Jason and Nikki’s son has been gone for six years, but suddenly, right in the middle of a different child abduction case at the pilot center, they receive information suggesting that Keith (their son) may still be alive. alive. Jason was hopeful at first. Nikki, who has poured all of her energy into a career of helping others find their children, initially rejected the same optimism. That didn’t stop them from getting on a plane, flying to Las Vegas, bursting through the door of a hotel room, and flying back to Philadelphia one afternoon – all in the middle of the week, even though the Philly MPU division seems to have five People.

Here’s just a hint for the writer: If your week’s case is about to tick – and it’s inconsistent here – but the characters tasked with pursuing the case feel less urgent about that so they’re willing to put it aside as a temporary unrealistic personal travel piece, it’s unlikely viewers will think there’s a stake. Doesn’t do much for the characters and their judgment either.

Both episodes I watched were crime-free during the week — featuring a missing girl threatened by her father’s job and then a kidnapped drug dealer — interesting enough to invest in though. only a small amount, so it’s probably appropriate that the program’s MPU handling is appropriate. equally fragile. The team included Mike – yes, Mike, Nikki’s aforementioned boyfriend – who proposed in the middle of the missing people area, in the middle of the workday; “C” (Petey Gibson), who proves his technical acumen by photoshopping a kitten onto Jason’s head photo; and the most annoying is Kemi (As Adeola). It’s not the Role’s fault at all, but Kemi is constantly walking through offices performing purification rituals and rambling about the famous men she’s slept with, and her skill set. It is “anything random that moves the case to the next scene.”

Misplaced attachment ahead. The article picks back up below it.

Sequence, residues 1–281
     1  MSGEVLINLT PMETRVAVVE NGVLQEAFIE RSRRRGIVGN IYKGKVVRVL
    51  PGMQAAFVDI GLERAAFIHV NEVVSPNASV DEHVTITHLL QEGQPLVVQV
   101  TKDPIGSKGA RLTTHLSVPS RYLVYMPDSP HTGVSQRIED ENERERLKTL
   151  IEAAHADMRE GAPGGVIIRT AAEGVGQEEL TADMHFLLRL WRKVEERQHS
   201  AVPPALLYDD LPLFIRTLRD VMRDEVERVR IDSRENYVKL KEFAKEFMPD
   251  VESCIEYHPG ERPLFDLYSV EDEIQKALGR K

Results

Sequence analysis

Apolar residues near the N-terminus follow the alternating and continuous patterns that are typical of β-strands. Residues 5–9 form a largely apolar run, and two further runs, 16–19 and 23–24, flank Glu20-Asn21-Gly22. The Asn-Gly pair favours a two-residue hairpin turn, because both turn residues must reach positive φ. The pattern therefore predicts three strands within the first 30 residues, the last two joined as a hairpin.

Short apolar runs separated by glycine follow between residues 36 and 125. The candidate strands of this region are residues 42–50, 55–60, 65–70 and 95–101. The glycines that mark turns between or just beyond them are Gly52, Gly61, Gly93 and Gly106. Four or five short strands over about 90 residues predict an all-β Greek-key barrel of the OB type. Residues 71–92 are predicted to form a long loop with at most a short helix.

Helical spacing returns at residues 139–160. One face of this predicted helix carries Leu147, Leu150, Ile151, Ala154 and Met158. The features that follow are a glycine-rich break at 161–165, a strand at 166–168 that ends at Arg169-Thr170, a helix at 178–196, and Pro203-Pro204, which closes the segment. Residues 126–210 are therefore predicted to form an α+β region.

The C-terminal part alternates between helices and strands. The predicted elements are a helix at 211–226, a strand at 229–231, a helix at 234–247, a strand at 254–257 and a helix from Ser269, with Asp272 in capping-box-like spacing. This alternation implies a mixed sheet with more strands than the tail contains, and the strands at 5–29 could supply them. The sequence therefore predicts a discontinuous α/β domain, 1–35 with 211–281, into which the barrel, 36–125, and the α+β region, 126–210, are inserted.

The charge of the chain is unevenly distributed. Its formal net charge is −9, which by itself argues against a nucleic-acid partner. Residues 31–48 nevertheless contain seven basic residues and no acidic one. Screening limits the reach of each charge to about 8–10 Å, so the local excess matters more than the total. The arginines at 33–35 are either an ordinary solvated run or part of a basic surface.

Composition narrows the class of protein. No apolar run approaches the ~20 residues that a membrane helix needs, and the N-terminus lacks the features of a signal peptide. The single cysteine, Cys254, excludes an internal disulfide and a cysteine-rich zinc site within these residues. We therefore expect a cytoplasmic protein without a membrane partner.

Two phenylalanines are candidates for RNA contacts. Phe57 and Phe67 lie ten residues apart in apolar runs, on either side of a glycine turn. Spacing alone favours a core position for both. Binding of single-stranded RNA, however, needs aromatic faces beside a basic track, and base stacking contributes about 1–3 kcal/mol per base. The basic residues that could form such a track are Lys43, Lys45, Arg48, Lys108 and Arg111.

It was such an impractical and unprofessional workplace that I almost didn’t pay attention, in the first episode Jason wanders into the interrogation room and begins to interrogate a suspect despite having nothing to do with it. case and no professional competence with the department – and, despite that pretty obvious breach of ethics, Nikki will hire him an episode later.

So that’s two episodes with barely-there cases and then an ongoing plot with Jason and Nikki’s missing son who isn’t missing at all. Or is it him?!? It is very difficult to take care of. The separated family also has a teenage daughter do Different Favorite Fivel Stewart, forced to go back to high school here after playing an adult in the recent Netflix series Recruit.

All of this could perhaps be mitigated if Alarm there’s any visual flair, but the first episode features an incoherent fight scene in an elevator and a comical scene in which Nikki jumps from a balcony into a pool and opens fire on a suspect. because, you know, that’s what the police do. The second episode is completely forgettable.

To be Alarm intended to be some kind of insane program out of control like 911 franchise (maybe the joint jump is over), there should be no problem with bursting out laughing at random spots. But when Nikki told worried parents “We’ll get your baby back” and the desire to sing Chili’s song was irresistible… I felt bad, but mostly bad. because I didn’t watch something better.

Caan and Ramirez are fine.